Are Blankets or Sheets Better for Frost?

KerenR(7)April 20, 2012

I am a newbie to vegetable gardening and already lost a whole garden to the frost we had a week or two ago. The predicted temp was only 36, and all my plants froze and were laying on the ground the next morning.

I am planning on covering my new garden next week when the temp will get down to 43. What is the best way to cover? Blankets (thick or thin), sheets, or tarps?

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Well, the thicker and more insulating the better (but of course, you don't want to crush the plants underneath with the weight of it, use a support to keep it from doing that). And, it also helps a LOT to create a "dead air space" between the covering and the plants.

    Bookmark   April 20, 2012 at 11:14AM
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sunnibel7 Md 7(7)

Don't feel too bad, there's been a lot of that going around my neck of the woods too. I don't really have anything to add to what Den said. Just a little encouragement.

    Bookmark   April 20, 2012 at 11:55AM
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One of the families I garden with somehow got a plastic bubble tarp. That has to be tops for thermal insulation per pound.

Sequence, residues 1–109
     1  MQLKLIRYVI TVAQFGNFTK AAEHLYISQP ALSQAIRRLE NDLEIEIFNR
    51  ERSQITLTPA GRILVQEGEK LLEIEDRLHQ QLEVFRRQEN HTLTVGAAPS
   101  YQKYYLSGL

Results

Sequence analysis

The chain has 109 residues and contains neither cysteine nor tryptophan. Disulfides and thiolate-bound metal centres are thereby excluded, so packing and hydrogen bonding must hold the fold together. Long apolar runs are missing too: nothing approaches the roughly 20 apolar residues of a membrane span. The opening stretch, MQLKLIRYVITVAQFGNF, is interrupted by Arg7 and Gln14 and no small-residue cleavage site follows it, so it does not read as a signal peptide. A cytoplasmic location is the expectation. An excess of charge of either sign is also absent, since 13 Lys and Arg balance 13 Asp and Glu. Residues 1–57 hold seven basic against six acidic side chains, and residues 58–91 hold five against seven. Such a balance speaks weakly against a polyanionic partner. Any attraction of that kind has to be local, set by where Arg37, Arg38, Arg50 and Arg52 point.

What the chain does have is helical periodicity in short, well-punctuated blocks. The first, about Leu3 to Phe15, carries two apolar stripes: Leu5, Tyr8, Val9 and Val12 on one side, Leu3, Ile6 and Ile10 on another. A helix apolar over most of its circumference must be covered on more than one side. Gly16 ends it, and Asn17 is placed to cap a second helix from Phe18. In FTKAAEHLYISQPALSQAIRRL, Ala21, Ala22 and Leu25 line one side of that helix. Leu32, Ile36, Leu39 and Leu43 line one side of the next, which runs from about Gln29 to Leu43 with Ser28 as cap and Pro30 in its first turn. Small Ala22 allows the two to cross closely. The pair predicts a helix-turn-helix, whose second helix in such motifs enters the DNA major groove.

Bookmark   April 20, 2012 at 12:22PM
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I have cages around my plants, and my seeds haven't sprouted. Is that enough support for blankets and dead air space? Is it okay to use blankets and sheets? I have a 400 square foot garden, so I might have to use both. Are tarps out then?

I'm sorry for all of the questions. I just really don't want to loose all my plants again so soon. They've only been in the ground for 3 days.

Thanks for the encouragement. I guess every experience is a learning one, huh?

    Bookmark   April 20, 2012 at 12:34PM
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You really don't want plastic touching the plants. Cloth is better. Newspaper works well, too.

    Bookmark   April 21, 2012 at 7:03AM
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Well, either would work for frost. The idea of putting something over your plants when there's a frost has nothing to do with keeping them warm, and everything to do with keeping the frost itself from forming on the plant. Just like parking your car under a carport keeps the frost off your windshield, any solid covering will keep the frost off your plants.

No simple throw is going to actually keep your plants warm by itself, they don't generate their own heat. At best it makes a very badly insulated structure that might keep it one or two degrees warmer inside than out, but probably not.

Long as the tarp isn't touching the plants (and hence they aren't touching something that is touching ice), it'll be fine.